The Sweetest Feeling

Global trade issues, particularly involving food, are never really straightforward. Kelly Harrison talks to someone who is- head of legal at Tate & Lyle Robert Gibber takes a direct approach to a complex remit

Tate & Lyle refines sugar for retail and industrial use in five continents. Its largest operations are in the UK and North America and it has sugar beet processing businesses in Eastern Europe and the US. In addition, the company is involved in the packaging industry and produces speciality animal feeds. It is now entering a developmental period, reacting to changing European regulations promoting freer trade while investing in the development of new environmentally friendly bioplastics.

Gibber came to Tate & Lyle from Denton Wilde Sapte in 1990, after two years in private practice. “I joined Tate & Lyle largely on the urging of the group treasurer, who was looking for someone with a more corporate finance background,” he explains. “I was very lucky because my predecessor took retirement and I was given the opportunity to run the department.” Since January, the young lawyer has enjoyed dual roles. The company secretary retired at the end of last year and Gibber became joint company secretary and head of legal.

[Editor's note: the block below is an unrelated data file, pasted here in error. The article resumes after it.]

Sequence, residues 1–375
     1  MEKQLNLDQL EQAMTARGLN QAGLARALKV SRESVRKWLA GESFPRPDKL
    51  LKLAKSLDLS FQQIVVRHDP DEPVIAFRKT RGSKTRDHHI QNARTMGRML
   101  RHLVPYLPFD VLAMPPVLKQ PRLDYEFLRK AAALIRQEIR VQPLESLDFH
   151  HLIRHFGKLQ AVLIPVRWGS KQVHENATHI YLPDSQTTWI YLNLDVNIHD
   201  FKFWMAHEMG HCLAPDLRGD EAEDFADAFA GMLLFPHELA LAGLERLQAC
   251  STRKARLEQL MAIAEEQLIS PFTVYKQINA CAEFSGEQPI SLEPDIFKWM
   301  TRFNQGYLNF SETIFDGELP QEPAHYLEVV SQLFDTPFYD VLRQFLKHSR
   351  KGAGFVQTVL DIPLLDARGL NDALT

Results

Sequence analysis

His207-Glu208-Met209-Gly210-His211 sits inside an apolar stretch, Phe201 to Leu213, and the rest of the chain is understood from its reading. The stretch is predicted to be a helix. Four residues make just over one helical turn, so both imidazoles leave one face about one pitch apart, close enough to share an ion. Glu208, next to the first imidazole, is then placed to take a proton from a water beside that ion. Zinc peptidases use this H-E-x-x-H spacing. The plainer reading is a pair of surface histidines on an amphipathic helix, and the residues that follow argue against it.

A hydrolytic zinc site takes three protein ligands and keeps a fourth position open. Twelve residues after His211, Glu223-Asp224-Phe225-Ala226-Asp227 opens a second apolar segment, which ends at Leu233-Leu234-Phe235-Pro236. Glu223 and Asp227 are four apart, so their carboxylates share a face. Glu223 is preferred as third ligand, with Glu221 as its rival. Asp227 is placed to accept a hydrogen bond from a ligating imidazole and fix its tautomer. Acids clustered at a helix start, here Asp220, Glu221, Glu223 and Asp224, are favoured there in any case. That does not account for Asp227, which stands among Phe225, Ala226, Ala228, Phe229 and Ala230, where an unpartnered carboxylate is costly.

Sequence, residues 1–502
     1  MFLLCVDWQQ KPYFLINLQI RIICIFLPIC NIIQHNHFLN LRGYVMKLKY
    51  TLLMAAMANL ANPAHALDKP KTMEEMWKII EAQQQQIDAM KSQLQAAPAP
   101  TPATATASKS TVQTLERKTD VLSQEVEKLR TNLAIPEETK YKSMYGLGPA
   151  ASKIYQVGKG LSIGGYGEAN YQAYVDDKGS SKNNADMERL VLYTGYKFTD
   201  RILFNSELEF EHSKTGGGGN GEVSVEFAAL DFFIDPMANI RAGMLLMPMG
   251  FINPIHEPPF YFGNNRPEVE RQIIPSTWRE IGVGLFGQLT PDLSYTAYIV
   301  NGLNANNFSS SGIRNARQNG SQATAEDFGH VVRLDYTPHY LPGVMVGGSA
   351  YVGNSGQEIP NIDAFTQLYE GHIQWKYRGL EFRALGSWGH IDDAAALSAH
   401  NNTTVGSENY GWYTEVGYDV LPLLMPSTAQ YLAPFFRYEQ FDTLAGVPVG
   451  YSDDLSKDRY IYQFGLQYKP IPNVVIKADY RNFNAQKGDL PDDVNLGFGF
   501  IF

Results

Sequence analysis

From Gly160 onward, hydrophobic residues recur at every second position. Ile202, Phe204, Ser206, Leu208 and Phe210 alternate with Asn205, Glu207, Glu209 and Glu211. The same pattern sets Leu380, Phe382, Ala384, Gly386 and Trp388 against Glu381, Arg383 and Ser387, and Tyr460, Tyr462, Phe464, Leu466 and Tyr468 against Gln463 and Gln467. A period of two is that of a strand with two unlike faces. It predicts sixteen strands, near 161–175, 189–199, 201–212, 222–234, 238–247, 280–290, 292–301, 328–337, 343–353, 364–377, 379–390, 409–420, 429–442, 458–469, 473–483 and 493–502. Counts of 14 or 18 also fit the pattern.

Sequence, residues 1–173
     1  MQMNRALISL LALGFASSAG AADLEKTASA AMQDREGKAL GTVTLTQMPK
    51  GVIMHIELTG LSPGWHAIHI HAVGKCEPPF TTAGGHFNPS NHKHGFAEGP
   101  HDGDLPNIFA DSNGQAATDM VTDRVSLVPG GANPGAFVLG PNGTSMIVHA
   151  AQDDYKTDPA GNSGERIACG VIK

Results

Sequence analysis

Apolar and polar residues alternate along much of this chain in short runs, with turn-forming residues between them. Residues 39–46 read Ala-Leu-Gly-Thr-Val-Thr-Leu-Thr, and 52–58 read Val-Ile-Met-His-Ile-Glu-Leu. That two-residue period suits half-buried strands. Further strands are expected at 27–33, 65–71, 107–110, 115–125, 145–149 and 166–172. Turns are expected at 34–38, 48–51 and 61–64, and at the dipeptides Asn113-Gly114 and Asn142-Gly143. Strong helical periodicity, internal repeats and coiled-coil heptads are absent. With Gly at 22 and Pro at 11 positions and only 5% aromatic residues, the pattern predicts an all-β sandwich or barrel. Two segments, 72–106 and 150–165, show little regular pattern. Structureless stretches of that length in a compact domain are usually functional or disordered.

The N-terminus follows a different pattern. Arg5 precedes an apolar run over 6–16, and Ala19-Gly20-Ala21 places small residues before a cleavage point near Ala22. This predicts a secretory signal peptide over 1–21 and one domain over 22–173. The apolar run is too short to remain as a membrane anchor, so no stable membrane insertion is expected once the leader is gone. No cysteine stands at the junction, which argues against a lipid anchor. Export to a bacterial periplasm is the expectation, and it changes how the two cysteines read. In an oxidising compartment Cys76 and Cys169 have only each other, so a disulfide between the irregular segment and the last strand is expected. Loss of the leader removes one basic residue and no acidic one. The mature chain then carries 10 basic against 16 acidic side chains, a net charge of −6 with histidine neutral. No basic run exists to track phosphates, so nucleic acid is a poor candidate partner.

“I needed to merge more fully the legal and administrative functions of the two roles,” says Gibber. He therefore recruited a deputy company secretary to handle the day-to-day administrative functions, such as minute taking. This makes it possible for Gibber to deal with higher level issues such as staffing and agenda without compromising “what I do best” – his legal work.

Gibber enjoys the challenges of the in-house lawyer. “Instead of dabbling in a number of companies, you become very familiar with the business of just one,” he says. He notes one difference between private practice and in-house work as leaving “an environment where you have a feeling of security. There’s such a wide range of expertise in law firms, that for any question raised someone will know the answer. In-house, the capabilities you have are around you. This can make you feel exposed if you prefer a safety net. Our team has only five years experience in a firm between us, so there’s a very collegial atmosphere.”

The team is made up of two assistants, Alyson Corrigan and Andrew Wright, and a secretary who serves all three lawyers. “A three-man team is nice, but when you get stretched, you get very stretched” laughs Gibber. Still, the head of legal is always prepared to use external help and has a longstanding relationship with Linklaters & Alliance. “I’m a big fan of theirs,” he says. Last year, Linklaters helped the company purchase two starch and sweetener companies – Amylum in Europe and US company Staley. Gibber says: “These purchases had to be completed on the same day and it was very tight. The firm was brilliant.” He also uses Beachcroft Wansbroughs for employment law. Other firms Gibber likes are Pinsent Curtis Biddle, Warner Cranston, Altheimer & Gray for property work and Ince & Co for shipping.